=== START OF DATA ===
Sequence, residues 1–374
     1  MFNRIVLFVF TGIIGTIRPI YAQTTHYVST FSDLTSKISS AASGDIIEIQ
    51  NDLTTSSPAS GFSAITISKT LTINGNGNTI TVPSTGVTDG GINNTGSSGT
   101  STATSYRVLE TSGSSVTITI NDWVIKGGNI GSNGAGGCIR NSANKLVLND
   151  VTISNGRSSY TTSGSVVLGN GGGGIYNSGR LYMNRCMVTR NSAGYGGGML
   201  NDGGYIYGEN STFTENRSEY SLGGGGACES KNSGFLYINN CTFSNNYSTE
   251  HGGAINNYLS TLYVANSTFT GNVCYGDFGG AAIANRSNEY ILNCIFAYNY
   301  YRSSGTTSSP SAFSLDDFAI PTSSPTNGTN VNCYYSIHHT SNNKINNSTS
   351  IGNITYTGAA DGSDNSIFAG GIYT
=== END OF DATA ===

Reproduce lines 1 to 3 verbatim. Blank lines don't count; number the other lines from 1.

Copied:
Sequence, residues 1–374
     1  MFNRIVLFVF TGIIGTIRPI YAQTTHYVST FSDLTSKISS AASGDIIEIQ
    51  NDLTTSSPAS GFSAITISKT LTINGNGNTI TVPSTGVTDG GINNTGSSGT